Graduate Student Research and Creative Works

Graduate Student
Research & Creative Works

As students enter master’s and doctoral programs, they are guided by faculty scholars who foster a spirit of investigation and exploration. Our students actively contribute to their fields by publishing their work, presenting at conferences, and participating in esteemed events such as the Research Week Symposium. We take great pride in celebrating their achievements and supporting their impactful projects through research


Student Spotlights

Nidhi Sheth, a doctoral student in Computational and Integrative Biology, drives advancements in forensic science through her research.

Childhood Studies alumna, Elaysel Germán, an award-winning educator, returns to Camden to foster positive learning experiences in the community.

Prentiss Dantzler, a Public Affairs Ph.D. graduate, investigates housing insecurity, driven by personal experiences and community struggles during the 2008 recession.

Isaac Blum, a Creative Writing Alum, released “The Life and Crimes of Hoodie Rosen,” earning accolades, including the William C. Morris Award.

Recent Books by Students & Alumni

Our students have recently published a diverse range of books that cover various genres and themes. These works include thought-provoking essays, captivating novels, and explorations of topics like identity, social justice, and history. Their literary contributions showcase their talent and dedication to their craft while adding valuable perspectives to the world of literature. We are proud of their achievements and eagerly anticipate their future endeavors in the realm of publishing.

Oz and the Musical: Performing the American Fairy Tale

By Ryan Bunch, Childhood Studies Alumnus

Ryan Bunch, a scholar with a background in historical musicology, immerses himself in musical theater, children’s music, media, literature, and performance cultures. An active International Wizard of Oz Club member, Bunch explores L. Frank Baum’s “The Wonderful Wizard of Oz” history from the 1902 stage production to the beloved 1939 MGM film and later musical adaptations like “The Wiz” (1975) and “Wicked” (2003). Drawing on his passion for Oz, he scrutinizes how this “American fairy tale” lens reveals American identity, touching on race, gender, sexuality, age, and embodiment. Bunch’s work extends beyond stage and screen, including home theatricals, school musicals, themed environments, and community events, uncovering complexities and exclusions in portraying an American utopia.

Bon Courage: Essays

By Ru Freeman, Creative Writing Alumna

Ru Freeman, a Sri Lankan-born writer and activist, has garnered international acclaim for her creative and political contributions, featured in publications such as The UK Guardian, The Boston Globe, and The New York Times. She boasts a diverse literary portfolio, including the short story collection “Sleeping Alone” (Graywolf Press, 2022) and “Bon Courage: Essays” (Etruscan Press, 2023). Freeman’s novels, “A Disobedient Girl” (Atria/Simon & Schuster, 2009) and “On Sal Mal Lane” (Graywolf Press, 2013), earned the distinction of being New York Times Editor’s Choice Books and have been translated into multiple languages. As the editor of “Extraordinary Rendition: (American) Writers on Palestine” (OR Books, 2015 and Interlink, 2016) and “Indivisible: Global Leaders on Shared Security” (Interlink, 2019), she amplifies the voices of American poets and writers addressing Palestine and global security issues. “Bon Courage” is a profound collection, blending essays, memoir, and fiction, exploring diverse topics such as music icons, cultural identity, and pressing socio-political issues like 9/11 and #MeToo. Freeman’s work resonates with empathy and courage, destined to make a lasting impact.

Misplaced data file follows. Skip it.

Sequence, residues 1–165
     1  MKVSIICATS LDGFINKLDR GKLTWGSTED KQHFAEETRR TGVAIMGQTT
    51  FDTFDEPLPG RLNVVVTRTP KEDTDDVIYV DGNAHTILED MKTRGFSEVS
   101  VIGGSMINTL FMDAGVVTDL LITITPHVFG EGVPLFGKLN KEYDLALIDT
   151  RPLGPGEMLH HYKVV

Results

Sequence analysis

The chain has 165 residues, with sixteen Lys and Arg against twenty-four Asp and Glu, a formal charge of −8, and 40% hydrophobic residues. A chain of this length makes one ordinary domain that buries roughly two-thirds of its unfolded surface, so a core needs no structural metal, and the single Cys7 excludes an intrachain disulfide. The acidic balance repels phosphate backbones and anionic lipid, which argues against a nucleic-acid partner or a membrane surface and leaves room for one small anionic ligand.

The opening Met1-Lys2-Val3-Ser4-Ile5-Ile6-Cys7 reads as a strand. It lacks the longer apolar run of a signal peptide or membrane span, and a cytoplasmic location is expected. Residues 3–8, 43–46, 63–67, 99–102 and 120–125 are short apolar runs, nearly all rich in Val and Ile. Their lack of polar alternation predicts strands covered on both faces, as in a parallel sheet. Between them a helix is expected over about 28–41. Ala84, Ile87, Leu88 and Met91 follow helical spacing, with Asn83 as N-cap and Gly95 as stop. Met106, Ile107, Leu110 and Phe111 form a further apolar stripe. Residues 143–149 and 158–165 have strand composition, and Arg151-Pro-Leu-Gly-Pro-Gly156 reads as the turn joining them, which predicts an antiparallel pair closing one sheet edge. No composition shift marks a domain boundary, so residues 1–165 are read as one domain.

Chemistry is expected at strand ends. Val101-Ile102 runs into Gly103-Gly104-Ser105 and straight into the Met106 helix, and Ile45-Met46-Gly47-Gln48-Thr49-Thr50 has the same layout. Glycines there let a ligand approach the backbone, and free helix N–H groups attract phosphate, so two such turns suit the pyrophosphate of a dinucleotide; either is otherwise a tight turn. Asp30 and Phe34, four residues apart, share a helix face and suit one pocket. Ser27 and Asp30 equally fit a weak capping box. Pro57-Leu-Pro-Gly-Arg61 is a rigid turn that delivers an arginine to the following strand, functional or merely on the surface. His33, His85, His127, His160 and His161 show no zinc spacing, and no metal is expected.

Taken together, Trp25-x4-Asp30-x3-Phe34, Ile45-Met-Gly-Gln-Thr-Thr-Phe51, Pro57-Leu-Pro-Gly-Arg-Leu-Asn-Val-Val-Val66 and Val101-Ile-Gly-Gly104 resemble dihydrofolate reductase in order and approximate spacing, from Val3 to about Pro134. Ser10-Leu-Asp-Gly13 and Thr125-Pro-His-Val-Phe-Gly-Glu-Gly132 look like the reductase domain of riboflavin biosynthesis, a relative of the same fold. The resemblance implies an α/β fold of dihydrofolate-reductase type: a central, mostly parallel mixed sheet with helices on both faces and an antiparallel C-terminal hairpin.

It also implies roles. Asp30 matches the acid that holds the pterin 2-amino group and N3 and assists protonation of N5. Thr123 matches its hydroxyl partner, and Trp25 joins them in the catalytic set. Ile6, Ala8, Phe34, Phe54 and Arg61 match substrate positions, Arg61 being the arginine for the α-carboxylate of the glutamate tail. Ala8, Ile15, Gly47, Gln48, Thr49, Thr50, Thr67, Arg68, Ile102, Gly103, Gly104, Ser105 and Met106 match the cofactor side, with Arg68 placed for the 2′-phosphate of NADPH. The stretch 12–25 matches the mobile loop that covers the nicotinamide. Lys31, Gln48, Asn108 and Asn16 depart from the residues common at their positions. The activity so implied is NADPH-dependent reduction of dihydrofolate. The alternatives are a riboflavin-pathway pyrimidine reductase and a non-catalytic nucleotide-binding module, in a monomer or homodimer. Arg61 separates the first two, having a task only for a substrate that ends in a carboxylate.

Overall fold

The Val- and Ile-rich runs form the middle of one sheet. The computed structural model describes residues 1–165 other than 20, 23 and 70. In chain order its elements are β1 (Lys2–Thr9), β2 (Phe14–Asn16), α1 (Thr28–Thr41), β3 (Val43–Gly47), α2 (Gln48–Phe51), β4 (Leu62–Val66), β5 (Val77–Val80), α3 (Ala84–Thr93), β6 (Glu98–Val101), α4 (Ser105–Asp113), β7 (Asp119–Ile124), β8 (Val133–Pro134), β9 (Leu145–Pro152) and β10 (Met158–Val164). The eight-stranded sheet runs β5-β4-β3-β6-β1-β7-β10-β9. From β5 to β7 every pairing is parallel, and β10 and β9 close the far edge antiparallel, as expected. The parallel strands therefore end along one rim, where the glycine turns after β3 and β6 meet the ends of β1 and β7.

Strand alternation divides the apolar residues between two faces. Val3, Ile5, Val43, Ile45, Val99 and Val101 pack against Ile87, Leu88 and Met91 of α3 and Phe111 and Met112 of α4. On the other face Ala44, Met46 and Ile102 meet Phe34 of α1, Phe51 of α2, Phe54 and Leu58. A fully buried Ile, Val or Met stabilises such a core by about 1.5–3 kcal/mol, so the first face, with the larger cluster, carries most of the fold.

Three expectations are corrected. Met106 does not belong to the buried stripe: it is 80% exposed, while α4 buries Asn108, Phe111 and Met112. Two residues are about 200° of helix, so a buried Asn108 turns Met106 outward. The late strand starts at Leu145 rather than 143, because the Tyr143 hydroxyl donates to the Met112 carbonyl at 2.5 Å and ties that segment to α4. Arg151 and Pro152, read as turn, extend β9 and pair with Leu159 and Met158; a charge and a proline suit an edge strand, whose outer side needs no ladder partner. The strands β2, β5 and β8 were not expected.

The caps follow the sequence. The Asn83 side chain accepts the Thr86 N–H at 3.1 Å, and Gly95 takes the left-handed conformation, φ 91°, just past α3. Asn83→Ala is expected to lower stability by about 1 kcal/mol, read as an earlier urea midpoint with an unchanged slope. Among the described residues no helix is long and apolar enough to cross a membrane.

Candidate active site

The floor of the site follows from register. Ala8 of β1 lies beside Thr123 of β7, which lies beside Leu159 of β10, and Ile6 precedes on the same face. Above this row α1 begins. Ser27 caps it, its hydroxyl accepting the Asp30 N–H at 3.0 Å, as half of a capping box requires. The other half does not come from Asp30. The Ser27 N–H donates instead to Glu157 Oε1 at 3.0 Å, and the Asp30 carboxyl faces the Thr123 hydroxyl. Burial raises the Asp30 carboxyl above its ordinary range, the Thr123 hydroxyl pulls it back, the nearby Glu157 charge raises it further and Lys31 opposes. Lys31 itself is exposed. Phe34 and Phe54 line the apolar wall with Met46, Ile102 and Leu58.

When Did We Stop Being Cute?

By Martin Wiley, Creative Writing Alumnus

In this poetic narrative, Martin Wiley, a product of 1980s suburban New Jersey and a mixed-race background, draws inspiration from the music of his upbringing, spanning Public Enemy to Blondie. His verse reflects both personal and societal dynamics, exploring the complexities of growing up in a time of change, grappling with questions like “just when I stopped being cute…” Amid encounters with the police, where fear looms, and internal confrontations, the speaker in this collection learns to navigate a world that often views him as a threat. “When Did We Stop Being Cute?” is a poignant reflection on the beauty and challenges of life in the United States, highlighting the significance of Black lives.